All COVID-19 vaccines are a little less effective against the delta variant (for example, the Pfizer vaccine is 6 per cent less effective). However, the vaccines are still effective and vaccination is worthwhile. It is important for people to know that two doses of the vaccine are necessary for good protection against the variants. So people should go for their second dose if they have not done so.
The delta variant is currently the variant of greatest concern in Canada and worldwide. It is the main virus type circulating in Canada. A study published in the New England Journal of Medicine that looked specifically at effectiveness of the vaccines against the variants showed that:
Two doses of the Pfizer mRNA vaccine were 94 per cent effective in preventing symptomatic infection from the alpha variant (the original virus) and 88 per cent from the delta variant. Similar protection is expected from the Moderna vaccine, which is also an mRNA vaccine.
The AstraZeneca vaccine was 74.5 per cent effective in preventing symptoms from the alpha variant (the original virus) and 67 per cent from the delta variant.
It is essential that people receive two shots of the vaccines, as protection is low after only one dose:
One dose of the Pfizer’s shot was only 36 per cent effective, and one dose of AstraZeneca’s vaccine was around 30 per cent effective.
Studies are ongoing to determine if booster shots (i.e. a third dose) will be needed and at what time after the second dose, as studies have shown declining antibody titers (a type of blood test that determines the presence and level (titer) of antibodies in the blood) after 6 months, as expected after any vaccine. The clinical significance of this still needs to be determined, including what level of antibody is needed to give people good protection against the disease.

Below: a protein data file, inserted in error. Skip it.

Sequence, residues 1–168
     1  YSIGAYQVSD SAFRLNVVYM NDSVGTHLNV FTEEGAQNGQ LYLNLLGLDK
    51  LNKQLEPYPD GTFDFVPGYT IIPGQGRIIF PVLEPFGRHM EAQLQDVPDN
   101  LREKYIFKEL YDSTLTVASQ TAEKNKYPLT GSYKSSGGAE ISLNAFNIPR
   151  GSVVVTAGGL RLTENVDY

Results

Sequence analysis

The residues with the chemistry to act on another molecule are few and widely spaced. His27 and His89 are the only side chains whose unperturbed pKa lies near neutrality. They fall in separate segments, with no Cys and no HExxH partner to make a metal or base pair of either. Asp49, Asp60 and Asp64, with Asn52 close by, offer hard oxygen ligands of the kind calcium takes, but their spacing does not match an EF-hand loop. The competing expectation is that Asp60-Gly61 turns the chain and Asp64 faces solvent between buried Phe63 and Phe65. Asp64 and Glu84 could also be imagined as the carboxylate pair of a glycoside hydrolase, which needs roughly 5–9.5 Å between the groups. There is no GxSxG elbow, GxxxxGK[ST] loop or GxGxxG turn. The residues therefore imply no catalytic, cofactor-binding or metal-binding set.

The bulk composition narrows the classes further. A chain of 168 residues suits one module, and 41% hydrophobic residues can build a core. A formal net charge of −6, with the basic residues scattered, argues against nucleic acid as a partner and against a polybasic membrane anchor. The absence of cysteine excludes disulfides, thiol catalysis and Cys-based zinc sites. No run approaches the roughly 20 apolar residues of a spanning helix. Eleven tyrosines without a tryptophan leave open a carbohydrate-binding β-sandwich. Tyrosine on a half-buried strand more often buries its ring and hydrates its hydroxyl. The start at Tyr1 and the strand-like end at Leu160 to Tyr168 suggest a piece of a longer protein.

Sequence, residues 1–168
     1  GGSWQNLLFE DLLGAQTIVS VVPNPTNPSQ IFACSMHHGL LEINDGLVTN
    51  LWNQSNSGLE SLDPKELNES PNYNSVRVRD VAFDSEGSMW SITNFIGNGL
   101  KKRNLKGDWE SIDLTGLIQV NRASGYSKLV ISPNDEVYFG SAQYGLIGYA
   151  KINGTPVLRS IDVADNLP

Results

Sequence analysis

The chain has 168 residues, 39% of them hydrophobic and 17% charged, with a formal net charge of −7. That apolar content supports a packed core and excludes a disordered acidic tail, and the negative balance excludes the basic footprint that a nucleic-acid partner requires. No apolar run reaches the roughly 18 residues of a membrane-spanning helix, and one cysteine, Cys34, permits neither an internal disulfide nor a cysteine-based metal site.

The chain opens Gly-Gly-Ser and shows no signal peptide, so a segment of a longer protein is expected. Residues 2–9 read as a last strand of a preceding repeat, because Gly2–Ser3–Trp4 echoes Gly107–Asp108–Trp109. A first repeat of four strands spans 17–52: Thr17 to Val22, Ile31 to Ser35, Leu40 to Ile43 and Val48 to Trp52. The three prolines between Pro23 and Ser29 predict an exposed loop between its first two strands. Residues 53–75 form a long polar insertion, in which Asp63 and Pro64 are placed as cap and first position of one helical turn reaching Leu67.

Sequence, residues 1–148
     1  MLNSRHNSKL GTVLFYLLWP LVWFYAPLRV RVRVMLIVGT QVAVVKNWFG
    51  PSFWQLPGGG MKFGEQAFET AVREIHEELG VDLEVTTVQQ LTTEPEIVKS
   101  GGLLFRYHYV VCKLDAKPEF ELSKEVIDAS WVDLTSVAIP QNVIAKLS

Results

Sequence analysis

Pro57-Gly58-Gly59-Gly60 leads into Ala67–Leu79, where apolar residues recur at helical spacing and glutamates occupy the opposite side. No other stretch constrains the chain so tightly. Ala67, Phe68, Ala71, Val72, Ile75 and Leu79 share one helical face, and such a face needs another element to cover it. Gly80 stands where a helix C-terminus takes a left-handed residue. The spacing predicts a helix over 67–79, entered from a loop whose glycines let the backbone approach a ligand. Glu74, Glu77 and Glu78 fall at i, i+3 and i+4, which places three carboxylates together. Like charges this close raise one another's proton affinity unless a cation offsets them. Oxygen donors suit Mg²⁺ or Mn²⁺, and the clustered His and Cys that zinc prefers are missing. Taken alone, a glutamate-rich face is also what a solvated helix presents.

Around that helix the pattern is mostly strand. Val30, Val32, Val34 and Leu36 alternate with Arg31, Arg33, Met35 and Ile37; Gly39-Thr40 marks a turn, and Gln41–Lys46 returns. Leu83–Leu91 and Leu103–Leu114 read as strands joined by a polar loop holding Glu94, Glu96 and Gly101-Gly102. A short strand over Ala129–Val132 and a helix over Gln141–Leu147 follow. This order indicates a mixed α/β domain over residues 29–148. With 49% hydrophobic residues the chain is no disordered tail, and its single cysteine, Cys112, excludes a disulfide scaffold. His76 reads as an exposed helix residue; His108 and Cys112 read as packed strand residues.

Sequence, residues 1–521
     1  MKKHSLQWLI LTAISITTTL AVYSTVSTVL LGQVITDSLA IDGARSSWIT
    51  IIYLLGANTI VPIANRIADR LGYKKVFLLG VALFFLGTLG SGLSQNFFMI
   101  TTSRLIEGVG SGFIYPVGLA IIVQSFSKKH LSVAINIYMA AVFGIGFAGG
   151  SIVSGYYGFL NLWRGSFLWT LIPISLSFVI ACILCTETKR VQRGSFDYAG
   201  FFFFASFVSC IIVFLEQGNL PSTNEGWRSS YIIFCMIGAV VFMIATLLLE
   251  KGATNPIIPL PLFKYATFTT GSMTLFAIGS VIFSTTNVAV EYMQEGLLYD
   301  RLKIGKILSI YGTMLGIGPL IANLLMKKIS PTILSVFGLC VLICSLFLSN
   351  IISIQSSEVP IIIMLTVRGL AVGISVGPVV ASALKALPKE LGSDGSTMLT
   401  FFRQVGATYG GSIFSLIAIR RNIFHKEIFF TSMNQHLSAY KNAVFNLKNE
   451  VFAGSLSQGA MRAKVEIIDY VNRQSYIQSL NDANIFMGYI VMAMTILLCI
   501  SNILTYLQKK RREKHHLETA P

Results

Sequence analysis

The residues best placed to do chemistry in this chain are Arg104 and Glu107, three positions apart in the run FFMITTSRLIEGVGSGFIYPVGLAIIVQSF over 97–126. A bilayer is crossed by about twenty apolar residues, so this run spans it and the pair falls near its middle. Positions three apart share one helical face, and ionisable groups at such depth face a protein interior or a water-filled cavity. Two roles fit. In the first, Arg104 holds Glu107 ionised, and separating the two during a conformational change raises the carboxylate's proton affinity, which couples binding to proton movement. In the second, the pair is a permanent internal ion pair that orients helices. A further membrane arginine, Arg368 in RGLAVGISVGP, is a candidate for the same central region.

What are side-effects of the vaccine?
The main side-effects are pain at the injection site and flu-like symptoms. Fatigue, headaches and joint pains have been reported.
Due to recent reports of two cases of severe allergic reactions (anaphylaxis-like) during the vaccination campaign in Britain, the Pfizer-BioNTech vaccine should not be used in people with a history of severe allergic reactions (anaphylaxis).
Safety surveillance systems have identified increased risks of inflammation of the heart muscle (myocarditis) and of the lining around the heart (pericarditis) following vaccination with the Pfizer BioNTech COVID-19 vaccine. However, these instances are very rare and benefit-risk assessments, where modelling analyses are used to predict risks of severe outcomes from COVID-19 and risks of vaccine side-effects, conclude that the benefits outweigh the risks in children. Ongoing safety is being monitored.
The Health Canada approval requires companies to continue monitoring for side-effects as vaccination is rolled out in the community, and to report on safety results from the continuation of the clinical trials for longer periods of time.